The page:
This is not great literature. To be honest, you can probably work out the bare bones of the plot pretty early on but it really doesn’t matter. What it is is the sort of book people enjoy. Read on a sunlounger it would be perfect, but it’s just as good on a chilly winters day in front of the fire. Just the sort of book we have aspired to write.

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Wondering about the war

Candice: I seem to have read a few books about World War II recently.  Not specifically by choice but its just the ones I have picked up.

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The first was given to me by my ex-boss as a Christmas present.  Its called ‘All the light we can not see’ and follows the story of two sides of the war.  One is Marie-Laure, a blind girl who is displaced, with her father, from Paris to the coast at the start of the war.  The other is Werner, an orphan living in Germany who has an uncanny ability with radios and mechanics.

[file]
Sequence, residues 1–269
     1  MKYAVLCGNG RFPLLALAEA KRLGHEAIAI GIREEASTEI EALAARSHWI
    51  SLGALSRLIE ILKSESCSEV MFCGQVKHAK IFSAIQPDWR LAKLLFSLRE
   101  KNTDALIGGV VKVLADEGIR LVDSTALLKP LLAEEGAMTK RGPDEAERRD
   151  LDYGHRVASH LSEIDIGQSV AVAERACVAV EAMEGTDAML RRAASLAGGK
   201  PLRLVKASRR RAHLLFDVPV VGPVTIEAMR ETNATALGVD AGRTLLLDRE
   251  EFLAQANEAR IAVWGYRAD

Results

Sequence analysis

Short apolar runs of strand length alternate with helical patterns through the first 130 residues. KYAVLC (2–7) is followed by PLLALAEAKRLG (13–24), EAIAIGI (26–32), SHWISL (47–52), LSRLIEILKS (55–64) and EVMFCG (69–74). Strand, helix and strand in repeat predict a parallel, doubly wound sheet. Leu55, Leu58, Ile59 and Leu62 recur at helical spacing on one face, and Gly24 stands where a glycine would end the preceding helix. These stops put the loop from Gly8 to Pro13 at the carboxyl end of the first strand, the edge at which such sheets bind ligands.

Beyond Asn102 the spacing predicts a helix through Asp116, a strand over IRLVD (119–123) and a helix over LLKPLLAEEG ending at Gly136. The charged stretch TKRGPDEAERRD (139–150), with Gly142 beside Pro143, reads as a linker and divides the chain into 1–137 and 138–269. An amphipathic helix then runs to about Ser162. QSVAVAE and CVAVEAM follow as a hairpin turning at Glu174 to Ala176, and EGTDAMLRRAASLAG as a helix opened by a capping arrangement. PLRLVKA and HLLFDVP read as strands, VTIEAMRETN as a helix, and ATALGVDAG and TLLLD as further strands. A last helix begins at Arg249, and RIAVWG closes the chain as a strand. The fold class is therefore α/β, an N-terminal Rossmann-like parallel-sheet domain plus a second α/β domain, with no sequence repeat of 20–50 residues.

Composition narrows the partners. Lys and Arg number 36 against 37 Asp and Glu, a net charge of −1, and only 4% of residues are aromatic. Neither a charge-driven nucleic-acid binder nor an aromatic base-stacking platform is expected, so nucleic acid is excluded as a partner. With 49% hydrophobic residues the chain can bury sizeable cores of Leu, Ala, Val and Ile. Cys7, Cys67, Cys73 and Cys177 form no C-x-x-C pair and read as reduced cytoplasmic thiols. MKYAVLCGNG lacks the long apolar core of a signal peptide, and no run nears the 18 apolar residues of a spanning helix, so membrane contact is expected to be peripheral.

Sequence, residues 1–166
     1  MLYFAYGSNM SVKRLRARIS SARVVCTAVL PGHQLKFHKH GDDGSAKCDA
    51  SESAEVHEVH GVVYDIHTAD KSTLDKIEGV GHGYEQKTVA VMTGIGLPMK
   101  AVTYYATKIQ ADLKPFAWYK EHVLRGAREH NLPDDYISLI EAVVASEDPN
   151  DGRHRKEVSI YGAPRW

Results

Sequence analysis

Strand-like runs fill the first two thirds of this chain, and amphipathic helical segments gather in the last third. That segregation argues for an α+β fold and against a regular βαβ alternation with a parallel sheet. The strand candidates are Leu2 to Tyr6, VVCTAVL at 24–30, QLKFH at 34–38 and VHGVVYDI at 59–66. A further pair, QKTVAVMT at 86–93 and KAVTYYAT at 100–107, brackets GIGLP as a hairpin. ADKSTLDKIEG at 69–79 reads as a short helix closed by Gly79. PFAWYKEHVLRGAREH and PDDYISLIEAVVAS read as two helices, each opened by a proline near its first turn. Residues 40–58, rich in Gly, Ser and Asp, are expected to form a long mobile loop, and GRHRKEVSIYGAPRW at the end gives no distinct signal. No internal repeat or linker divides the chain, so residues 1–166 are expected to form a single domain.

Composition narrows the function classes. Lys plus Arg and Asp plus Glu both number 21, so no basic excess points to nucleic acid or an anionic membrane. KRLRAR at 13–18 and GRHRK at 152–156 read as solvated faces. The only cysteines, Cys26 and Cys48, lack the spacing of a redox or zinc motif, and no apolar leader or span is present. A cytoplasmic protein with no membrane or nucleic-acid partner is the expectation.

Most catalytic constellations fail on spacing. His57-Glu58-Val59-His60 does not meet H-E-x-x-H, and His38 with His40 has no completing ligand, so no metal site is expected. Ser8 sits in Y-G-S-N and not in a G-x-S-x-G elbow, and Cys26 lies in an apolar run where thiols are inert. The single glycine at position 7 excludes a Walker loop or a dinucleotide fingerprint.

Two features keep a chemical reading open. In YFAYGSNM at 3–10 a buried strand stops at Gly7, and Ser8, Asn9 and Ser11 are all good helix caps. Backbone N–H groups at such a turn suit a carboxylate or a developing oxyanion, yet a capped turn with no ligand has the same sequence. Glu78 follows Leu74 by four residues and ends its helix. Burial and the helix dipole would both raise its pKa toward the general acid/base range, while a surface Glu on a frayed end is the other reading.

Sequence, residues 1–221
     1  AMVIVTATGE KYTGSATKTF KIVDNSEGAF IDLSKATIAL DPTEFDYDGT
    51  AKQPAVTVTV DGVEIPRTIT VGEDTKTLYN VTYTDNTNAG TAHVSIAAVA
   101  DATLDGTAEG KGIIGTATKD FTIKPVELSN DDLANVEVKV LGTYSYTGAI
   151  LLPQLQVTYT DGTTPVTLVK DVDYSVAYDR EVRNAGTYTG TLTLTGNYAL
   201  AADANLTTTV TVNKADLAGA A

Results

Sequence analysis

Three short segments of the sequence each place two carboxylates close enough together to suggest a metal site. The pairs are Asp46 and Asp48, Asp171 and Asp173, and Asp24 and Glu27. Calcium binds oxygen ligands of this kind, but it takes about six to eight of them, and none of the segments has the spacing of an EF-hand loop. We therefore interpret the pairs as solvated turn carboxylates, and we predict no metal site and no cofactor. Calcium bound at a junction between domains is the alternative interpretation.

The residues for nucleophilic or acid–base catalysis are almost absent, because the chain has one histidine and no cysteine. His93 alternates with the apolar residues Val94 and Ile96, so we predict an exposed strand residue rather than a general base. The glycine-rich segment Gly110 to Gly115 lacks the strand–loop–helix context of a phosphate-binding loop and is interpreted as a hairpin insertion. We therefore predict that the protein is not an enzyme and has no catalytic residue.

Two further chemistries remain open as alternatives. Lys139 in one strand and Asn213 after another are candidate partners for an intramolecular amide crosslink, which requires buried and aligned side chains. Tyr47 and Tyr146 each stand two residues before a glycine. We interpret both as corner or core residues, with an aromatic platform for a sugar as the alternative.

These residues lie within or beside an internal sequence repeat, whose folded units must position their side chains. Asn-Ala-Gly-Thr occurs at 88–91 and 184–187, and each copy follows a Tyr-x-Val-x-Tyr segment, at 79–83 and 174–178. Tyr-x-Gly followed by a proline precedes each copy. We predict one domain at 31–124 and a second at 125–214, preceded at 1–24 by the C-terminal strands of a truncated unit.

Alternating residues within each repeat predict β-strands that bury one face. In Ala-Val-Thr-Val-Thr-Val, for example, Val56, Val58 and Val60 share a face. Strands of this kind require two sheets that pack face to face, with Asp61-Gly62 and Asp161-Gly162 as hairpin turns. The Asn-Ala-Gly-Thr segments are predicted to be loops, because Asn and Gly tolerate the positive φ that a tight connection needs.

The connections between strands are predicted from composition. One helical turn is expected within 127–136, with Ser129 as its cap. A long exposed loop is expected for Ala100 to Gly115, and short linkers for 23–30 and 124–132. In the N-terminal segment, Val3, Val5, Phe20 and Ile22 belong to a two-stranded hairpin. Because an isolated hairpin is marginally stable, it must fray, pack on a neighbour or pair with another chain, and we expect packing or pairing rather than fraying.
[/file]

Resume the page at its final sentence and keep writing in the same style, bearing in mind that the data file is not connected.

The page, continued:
The two stories run in parallel as Werner is spotted by the Nazis and taken off to a camp to be made into a perfect soldier, and Marie-Laure finds out why she and her father ran, as he has been entrusted with the safekeeping of a precious diamond from the Museum he works in.

The second is ‘Mr Rosenblum’s List’ and relates the story of Jack Rosenblum, German Jew who has traveled to the UK before the War and is desperately trying to find his place after the annihilation of most of his family and race at home, accompanied by the British nervousness around someone with a German accent.